Please introduce yourself, when you began writing, etc.
I’d first like to thank John for this swell interview. A little further on I mention encountering plenty of gracious and generous folk online, and this is a prime example.
As for me, I’m a lifetime Chicagoan. I’ve always had my hand in one art form or another—call me a renaissance hack. I can’t say I’ve done it all, but I cherish some experiences uncommon to most hog butchers to the world. For example, I’ve danced as an extra with the Bolshoi and Joffrey ballet companies, performed in David Mamet’s only children’s show, worked tech for The Steppenwolf Theatre, and sang “Happy Birthday” to Paul Newman on the set of “The Color of Money.”
I’ve been writing since grammar school, everything from stories to comic books to poetry—such as it was. In my time I’ve founded a literary journal and a critical guide to video releases, and I penned regular columns for Hollywood Online, AOL and Chicago Parent magazine. But I’ve never touched operettas—can’t say I’ve ever done that one.
Have you written any novels?
No, I haven’t. Short fiction and commercial assignments make up most of my recent output. It’s a cliché, but sweating out a 3,000–9,000 word piece gives me all kinds of respect for anyone who can craft a complete novel in any way, shape or form.
I know you have an interesting website. Give my readers an overview of what it’s all about.
“The Hard-Boiled Detective” takes it own unorthodox slant on publishing. (Or maybe I’m just an upstart.)
In a nutshell, the site offers an ongoing subscription series of hard-boiled adventures. Every month, subscribers download three works of short fiction in their format of choice: ePub, mobi or PDF. I’ve fashioned the stories in the old-school tradition, very “retro detective.”
What else do you write?
Lately I’ve been dabbling with short works of a macabre nature, sometimes in a hard-boiled style, sometimes not, but always with a twist.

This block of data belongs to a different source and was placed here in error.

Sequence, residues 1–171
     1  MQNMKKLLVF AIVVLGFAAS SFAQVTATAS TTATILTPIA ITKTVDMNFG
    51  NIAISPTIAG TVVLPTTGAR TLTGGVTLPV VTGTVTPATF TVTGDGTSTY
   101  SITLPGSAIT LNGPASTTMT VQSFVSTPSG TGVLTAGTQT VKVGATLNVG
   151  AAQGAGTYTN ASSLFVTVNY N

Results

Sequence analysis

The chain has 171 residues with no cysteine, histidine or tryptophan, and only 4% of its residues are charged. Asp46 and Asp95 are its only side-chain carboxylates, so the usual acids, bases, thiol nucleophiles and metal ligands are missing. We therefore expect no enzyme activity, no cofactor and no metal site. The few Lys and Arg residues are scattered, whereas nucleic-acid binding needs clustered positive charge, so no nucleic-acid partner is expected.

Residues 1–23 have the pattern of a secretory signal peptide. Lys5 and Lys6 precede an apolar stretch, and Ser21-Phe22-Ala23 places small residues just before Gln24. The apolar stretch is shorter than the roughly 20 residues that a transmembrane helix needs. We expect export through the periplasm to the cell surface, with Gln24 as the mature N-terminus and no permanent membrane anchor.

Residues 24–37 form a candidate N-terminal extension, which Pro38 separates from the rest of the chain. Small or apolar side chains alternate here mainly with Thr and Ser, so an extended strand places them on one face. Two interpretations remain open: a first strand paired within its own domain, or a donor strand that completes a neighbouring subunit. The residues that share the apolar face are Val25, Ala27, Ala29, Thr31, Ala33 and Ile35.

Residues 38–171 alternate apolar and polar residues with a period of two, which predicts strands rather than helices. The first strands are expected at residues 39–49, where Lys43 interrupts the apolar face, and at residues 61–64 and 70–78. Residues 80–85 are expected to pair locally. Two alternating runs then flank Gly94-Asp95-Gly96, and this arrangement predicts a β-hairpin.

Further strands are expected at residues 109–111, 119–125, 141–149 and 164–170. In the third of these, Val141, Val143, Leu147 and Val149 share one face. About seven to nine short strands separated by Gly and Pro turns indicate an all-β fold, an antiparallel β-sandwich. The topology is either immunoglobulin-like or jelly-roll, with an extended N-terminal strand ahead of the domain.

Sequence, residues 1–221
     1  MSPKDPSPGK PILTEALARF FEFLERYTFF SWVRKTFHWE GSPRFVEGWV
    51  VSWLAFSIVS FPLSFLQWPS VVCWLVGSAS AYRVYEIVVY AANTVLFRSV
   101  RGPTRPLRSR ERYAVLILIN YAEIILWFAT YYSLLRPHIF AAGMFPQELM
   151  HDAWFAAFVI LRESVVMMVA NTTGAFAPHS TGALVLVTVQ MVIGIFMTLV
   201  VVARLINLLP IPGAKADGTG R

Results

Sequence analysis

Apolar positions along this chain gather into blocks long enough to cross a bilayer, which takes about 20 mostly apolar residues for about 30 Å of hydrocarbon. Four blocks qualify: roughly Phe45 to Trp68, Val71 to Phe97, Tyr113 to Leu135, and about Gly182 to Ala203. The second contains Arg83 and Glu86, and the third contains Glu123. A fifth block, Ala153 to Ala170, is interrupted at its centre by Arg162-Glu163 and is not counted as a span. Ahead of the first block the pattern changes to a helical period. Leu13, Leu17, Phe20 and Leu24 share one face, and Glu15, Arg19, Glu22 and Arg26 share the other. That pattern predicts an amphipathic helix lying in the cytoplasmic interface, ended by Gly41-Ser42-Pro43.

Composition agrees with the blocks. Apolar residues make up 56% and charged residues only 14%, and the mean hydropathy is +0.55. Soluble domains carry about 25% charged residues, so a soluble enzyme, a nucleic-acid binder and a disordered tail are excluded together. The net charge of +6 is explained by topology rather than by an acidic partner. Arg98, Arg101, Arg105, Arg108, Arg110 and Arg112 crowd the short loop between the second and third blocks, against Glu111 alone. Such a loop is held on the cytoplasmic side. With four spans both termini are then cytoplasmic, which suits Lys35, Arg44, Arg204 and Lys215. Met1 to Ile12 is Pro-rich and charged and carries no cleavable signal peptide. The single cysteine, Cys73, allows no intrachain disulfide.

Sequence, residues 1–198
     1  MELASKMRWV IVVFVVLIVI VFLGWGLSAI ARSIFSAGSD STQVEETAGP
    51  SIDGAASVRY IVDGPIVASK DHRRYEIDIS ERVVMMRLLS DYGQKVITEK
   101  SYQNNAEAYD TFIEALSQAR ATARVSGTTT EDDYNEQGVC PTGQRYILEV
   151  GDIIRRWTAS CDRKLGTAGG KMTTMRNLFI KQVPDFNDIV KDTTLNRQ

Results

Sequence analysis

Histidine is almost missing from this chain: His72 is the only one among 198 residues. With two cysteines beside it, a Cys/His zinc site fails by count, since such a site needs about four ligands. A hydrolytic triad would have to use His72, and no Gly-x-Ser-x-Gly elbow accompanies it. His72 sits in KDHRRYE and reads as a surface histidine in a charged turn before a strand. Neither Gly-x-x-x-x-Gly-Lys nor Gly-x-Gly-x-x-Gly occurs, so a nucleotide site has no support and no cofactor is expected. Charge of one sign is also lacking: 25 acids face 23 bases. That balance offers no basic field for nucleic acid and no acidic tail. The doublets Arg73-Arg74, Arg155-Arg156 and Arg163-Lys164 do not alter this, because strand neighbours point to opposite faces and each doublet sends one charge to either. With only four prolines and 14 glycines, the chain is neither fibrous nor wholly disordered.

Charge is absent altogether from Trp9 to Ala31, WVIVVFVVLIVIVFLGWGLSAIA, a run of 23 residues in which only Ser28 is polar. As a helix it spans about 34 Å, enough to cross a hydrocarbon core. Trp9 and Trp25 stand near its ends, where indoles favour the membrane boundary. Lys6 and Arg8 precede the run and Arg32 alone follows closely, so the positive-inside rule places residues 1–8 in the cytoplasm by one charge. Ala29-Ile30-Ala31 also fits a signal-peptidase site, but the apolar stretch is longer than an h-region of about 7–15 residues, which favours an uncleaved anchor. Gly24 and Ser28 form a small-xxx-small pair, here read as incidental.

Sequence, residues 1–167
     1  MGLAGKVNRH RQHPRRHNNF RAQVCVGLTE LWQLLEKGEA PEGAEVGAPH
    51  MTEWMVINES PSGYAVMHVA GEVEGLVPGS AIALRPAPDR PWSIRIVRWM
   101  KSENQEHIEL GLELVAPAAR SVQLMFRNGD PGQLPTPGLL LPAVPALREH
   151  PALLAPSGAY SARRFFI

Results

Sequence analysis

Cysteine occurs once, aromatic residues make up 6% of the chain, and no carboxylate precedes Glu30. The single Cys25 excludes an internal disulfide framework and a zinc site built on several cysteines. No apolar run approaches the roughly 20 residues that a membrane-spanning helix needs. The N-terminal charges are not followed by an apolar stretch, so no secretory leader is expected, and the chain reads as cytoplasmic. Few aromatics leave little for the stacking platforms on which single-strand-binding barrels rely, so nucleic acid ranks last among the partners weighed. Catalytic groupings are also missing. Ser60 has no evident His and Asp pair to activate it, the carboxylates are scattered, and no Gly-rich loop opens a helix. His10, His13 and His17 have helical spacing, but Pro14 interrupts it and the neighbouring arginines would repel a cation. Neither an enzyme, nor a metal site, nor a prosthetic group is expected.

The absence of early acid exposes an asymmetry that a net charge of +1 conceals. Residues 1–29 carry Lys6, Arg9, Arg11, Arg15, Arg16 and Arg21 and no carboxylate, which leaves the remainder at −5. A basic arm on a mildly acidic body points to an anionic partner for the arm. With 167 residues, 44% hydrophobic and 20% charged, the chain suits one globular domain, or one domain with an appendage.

What is your most rewarding writing experience?
What comes to mind may sound like the smallest of things, but I especially dig discovering a minor moment that reveals a character and/or reveals a sense of ourselves.
For example, in one detective story, the P.I.’s in the bathroom just before a climactic confrontation (it’s a glamorous profession). He removes his jacket and shoulder holster, and plans to walk out with the gun hidden beneath a hand towel. Just before he leaves the room, he catches sight of himself in the mirror and tosses himself a quick grin. Maybe it comes off a bit silly in this context, but I felt very proud of capturing that brief moment.
Do you belong to any writing groups, or critique groups?
I’m getting to know a community of writers at local, ongoing readings in the city. I’ve also met quite a number of the most generous and gracious people on-line through social media and listserv’s. I’m very interested in pursuing professional affiliations as I become more established and generate a little more scratch.
Are you working on any new projects?
It’s a bit early to give too much away, but I am beginning a new series of sorts. The fantastic nature of the main character allows for the stories to take place in any setting of place or time, and that’s intriguing.
Is there anything you would like to share with our readers?
I’d like to humbly thank them for reading, period, whether they come anywhere close to my work or not. I’ve been removed from being a “regular” audience member for so long that I truly appreciate anyone who reads simply to read, whatever they read, on whatever level they read.
Please provide the readers with a link to your website.
Series info, subscription info and links to features can all be found on The Hard-Boiled Detective homepage:
Ben, thank you for visiting my blog. You are an interesting man, and based upon what we’ve just read, I can imagine your characters and stories are riveting. Much success to you in your present and future endeavors.